Grace Mugabe, the first lady of Zimbabwe, returned home today from South Africa after being granted diplomatic immunity following accusations that she assaulted a model with an extension cable in a Johannesburg hotel.
However, lawyers announced that they would launch a legal challenge this week to the immunity that allowed Mugabe to escape facing any charges of assault.
The immunity, granted after she arrived in South Africa more than a week ago on private business, was a political decision not a legal one, said Lorna Ferguson, a South African lawyer.
"It was irrational and in contravention of South African laws for her to be granted immunity in the face of what were serious criminal charges laid against her for alleged assault a week ago. I consulted the law and with a veteran South Africa foreign affairs expert who said that immunity cannot be granted retrospectively."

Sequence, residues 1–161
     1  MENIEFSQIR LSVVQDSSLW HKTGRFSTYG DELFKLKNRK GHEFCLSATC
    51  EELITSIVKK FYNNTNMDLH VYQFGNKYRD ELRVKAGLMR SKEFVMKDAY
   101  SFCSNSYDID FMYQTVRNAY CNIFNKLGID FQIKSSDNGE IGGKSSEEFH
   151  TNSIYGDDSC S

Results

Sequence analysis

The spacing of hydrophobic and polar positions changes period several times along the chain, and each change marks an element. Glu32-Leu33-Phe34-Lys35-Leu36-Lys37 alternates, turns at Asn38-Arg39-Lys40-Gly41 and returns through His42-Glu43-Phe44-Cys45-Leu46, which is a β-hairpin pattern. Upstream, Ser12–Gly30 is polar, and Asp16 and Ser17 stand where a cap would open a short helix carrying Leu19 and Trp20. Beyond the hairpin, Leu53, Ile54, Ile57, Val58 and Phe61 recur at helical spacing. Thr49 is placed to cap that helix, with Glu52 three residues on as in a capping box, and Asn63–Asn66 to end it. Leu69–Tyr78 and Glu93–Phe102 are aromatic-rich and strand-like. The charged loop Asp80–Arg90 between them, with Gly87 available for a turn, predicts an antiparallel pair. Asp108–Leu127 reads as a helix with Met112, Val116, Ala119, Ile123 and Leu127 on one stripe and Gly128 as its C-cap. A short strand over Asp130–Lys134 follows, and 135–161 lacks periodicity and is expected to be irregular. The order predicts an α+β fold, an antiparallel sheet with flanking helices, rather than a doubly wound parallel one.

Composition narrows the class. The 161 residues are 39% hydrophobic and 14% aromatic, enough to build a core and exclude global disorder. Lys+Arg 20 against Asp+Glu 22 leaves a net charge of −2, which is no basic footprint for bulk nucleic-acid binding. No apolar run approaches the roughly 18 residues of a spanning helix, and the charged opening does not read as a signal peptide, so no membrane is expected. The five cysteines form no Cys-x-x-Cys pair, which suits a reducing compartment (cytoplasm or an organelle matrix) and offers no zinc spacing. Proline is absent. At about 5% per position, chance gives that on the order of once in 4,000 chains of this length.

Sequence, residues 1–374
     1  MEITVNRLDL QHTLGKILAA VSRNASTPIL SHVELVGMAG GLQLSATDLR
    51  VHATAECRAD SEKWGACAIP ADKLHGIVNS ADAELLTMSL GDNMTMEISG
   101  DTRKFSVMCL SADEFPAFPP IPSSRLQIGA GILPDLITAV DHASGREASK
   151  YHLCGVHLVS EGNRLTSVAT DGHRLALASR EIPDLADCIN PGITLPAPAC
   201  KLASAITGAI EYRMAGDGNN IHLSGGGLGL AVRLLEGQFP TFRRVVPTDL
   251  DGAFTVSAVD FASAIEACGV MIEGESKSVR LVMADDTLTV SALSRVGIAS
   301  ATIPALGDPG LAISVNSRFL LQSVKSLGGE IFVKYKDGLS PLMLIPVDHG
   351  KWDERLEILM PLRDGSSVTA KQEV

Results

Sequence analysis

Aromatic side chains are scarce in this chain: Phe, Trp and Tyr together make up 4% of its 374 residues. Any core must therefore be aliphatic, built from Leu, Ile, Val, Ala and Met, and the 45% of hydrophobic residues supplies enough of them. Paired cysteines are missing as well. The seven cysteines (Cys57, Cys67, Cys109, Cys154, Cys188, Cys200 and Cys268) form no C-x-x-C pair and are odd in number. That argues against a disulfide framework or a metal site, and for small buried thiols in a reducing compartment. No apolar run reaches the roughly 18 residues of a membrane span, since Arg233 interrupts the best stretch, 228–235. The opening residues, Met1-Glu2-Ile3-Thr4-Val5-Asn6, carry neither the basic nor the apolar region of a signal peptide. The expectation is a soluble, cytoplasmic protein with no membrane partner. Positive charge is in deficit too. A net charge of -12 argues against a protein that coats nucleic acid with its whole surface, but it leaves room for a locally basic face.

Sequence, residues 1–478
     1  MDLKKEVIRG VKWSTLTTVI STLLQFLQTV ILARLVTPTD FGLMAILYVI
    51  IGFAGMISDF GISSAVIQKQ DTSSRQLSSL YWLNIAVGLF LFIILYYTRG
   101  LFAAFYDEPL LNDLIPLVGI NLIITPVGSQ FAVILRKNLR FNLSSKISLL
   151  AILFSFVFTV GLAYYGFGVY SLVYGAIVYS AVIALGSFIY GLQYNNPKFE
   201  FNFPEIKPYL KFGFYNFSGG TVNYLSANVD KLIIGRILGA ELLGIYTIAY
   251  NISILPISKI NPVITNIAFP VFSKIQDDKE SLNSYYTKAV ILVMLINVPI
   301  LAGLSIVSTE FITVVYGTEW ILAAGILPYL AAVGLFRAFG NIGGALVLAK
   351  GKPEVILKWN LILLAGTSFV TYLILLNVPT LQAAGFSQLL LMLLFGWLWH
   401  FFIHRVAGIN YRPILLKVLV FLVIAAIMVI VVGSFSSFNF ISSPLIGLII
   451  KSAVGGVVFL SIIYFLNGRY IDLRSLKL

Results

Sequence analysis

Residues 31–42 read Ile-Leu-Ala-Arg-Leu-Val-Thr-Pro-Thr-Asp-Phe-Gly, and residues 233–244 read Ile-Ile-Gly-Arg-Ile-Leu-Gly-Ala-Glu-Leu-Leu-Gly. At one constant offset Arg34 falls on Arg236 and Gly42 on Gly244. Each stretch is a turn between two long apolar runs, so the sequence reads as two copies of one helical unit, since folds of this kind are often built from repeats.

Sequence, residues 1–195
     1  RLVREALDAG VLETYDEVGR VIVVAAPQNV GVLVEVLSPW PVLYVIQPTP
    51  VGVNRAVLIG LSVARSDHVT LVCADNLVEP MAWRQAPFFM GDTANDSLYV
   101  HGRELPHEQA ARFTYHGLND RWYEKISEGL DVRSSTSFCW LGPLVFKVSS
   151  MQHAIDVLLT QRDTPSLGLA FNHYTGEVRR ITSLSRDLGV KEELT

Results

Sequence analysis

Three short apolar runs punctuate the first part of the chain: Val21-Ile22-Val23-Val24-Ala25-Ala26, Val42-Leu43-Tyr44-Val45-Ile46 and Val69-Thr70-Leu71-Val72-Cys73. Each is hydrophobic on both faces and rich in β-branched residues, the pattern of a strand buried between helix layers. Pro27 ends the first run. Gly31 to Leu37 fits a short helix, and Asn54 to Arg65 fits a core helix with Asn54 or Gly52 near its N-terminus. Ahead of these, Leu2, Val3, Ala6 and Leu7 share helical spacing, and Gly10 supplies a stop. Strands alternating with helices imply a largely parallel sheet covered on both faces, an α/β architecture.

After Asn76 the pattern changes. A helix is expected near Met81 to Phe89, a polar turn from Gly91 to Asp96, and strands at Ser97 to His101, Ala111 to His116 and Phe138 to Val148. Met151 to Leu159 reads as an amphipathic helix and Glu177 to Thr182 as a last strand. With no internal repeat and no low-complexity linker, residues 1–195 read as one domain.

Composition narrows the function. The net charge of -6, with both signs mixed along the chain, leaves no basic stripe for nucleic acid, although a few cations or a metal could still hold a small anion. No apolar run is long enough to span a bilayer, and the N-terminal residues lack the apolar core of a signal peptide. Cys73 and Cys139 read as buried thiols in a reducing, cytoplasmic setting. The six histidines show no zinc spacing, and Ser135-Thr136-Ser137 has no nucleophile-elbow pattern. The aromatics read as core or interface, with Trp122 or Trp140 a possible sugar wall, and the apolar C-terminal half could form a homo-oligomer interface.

Mugabe is accused of assaulting and injuring Gabriella Engels, a 20-year-old model who was visiting Mugabe's two sons, Robert Jnr and Chatunga, in a Johannesburg hotel a week ago.
Mugabe avoided going to court and was rescued when her husband, Robert Mugabe, the President of Zimbabwe, arrived in South Africa to attend a regional conference and arranged immunity for his wife.
Engels's case has been taken up by non-governmental organisation Afriforum, which says it will go to court for the injured woman over the immunity, and will also charge Mugabe in both criminal and civil cases.
President Mugabe and his wife left South Africa through its main military airport near the capital, Pretoria.
No mention of the case has been made on the TV and radio stations and daily newspapers Zimbabwe controls.